Private copying compensation

The private copying compensation system entails device manufacturers or importers paying a small sum, which is then distributed to authors as payment for their work being copied privately.

The system is based on EU law that provides a copyright exception for private non-commercial copies made by individuals and requires the payment of “fair compensation”.

Compensation is typically attached to the price of recording devices, like smartphones, and calculated using market research to discern consumer behaviour when it comes to making private copies of creative work.

An example of private copying in practice is when you make a copy of a song on a device other than the one you originally purchased it on, or a back-up of your albums on an external drive or online private file hosting service.

This type of compensation holds many benefits for authors, consumers and Europe’s cultural sector. Given the current Covid-19 pandemic, it is also more important than ever. Read on to find out why.

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How creators benefit

The private copying compensation system was put in place to effectively compensate authors while allowing consumers to make private copies of their own. In 2019, private copying fees accounted for 13% of the royalties European creators received from their authors’ societies for the usage of their work.

It is currently the fifth highest royalty category behind broadcasting, background music, live performance and online. The Covid-19 pandemic has led to a huge reduction in live events and the closure of venues that would have used creative works for background music. TV productions have also slowed down as a result of the crisis, and all this means that private copying income will be an all-important revenue stream for creators in the months and years ahead. What’s more, the special cultural and social funds derived from private copy collections also formed a substantial part of the emergency support offered to creators who were most affected by the Covid-19 crisis.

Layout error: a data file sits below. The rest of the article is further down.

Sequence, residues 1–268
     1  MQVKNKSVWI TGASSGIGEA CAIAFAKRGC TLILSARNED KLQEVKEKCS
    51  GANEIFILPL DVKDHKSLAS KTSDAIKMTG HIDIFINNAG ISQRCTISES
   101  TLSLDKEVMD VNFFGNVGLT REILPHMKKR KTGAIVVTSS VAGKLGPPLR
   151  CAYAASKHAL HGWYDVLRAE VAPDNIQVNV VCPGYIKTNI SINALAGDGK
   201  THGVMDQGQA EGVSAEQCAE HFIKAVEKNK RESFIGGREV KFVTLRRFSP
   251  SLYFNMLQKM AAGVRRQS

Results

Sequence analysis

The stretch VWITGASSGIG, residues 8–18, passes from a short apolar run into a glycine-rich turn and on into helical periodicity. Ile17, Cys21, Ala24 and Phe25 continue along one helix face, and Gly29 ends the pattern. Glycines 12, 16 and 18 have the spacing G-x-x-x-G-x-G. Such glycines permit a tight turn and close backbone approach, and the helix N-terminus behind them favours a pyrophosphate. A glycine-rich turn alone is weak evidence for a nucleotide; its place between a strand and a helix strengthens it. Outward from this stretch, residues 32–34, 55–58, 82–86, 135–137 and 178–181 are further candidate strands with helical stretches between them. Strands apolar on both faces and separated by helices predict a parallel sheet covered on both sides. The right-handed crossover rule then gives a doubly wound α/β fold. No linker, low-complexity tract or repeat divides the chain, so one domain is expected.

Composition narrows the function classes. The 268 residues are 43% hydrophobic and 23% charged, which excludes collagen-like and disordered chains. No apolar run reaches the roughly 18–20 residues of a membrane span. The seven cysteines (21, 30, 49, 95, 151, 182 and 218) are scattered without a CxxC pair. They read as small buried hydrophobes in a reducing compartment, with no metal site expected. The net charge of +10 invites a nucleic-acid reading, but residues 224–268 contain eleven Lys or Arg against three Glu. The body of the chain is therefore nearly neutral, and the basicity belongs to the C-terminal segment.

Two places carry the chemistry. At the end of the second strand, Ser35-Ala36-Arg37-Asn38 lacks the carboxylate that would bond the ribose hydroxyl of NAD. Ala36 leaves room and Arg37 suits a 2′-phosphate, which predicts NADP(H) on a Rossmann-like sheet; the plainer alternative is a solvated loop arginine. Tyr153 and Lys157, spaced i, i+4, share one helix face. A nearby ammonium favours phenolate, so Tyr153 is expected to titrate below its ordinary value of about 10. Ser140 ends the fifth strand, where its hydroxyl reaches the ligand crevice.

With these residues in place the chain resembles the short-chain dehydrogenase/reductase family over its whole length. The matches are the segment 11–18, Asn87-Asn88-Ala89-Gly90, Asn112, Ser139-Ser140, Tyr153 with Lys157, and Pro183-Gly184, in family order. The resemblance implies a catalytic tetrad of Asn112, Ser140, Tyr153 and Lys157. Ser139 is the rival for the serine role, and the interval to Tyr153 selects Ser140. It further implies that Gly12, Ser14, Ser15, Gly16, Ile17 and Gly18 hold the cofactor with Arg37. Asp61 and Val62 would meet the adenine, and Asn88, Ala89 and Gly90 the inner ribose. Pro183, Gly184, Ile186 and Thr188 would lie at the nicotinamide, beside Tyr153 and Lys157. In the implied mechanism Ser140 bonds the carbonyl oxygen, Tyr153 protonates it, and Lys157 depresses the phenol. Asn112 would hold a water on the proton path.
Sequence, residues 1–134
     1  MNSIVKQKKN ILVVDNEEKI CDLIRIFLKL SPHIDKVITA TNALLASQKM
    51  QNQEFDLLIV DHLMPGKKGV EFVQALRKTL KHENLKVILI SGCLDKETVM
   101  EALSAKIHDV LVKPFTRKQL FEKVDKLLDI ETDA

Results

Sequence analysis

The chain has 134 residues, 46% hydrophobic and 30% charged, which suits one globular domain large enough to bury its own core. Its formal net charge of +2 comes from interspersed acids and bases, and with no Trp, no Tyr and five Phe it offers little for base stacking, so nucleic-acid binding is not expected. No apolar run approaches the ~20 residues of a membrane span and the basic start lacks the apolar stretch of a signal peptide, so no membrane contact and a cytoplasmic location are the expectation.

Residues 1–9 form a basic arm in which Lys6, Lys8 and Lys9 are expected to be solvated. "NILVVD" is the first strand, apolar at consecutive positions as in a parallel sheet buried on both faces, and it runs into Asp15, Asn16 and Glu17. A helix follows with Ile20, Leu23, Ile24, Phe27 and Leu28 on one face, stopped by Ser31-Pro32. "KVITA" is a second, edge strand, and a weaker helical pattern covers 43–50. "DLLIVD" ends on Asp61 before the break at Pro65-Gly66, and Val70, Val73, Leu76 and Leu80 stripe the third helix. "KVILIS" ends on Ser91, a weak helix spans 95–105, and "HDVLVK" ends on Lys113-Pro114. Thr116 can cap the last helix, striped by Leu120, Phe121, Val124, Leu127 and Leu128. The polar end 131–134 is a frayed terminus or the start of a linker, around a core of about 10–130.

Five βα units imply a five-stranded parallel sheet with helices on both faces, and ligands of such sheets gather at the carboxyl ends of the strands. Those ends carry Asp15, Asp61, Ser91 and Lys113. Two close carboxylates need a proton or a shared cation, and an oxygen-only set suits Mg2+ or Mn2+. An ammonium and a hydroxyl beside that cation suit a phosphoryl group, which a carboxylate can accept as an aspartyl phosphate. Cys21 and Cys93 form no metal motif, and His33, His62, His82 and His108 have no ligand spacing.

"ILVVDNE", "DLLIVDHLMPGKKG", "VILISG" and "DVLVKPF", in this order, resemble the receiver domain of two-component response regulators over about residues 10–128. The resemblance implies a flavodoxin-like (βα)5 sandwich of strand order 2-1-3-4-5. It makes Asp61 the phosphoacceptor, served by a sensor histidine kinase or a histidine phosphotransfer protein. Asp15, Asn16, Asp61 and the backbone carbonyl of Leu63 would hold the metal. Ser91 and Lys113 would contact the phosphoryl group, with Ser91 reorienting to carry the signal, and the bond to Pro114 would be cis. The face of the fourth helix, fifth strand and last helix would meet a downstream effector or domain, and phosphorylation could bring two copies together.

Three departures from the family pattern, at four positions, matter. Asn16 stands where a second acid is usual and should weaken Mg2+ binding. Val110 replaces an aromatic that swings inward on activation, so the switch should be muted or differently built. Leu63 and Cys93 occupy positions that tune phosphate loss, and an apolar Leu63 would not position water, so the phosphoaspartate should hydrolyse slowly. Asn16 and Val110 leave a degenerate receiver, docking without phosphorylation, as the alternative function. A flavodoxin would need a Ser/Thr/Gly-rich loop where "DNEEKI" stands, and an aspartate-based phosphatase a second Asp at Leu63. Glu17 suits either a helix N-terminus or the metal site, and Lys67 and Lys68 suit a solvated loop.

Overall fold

Private copying levies are not only fair, they are also an essential part of the income of authors and composers, who often struggle to make a living from their creations. It is a revenue stream that goes directly to creators through their societies. This is good for authors and this is good for us all. We all enjoy a rich and diverse cultural scene. And we all benefit from the contribution culture makes to our economies, and our lives.

How consumers benefit

How European culture benefits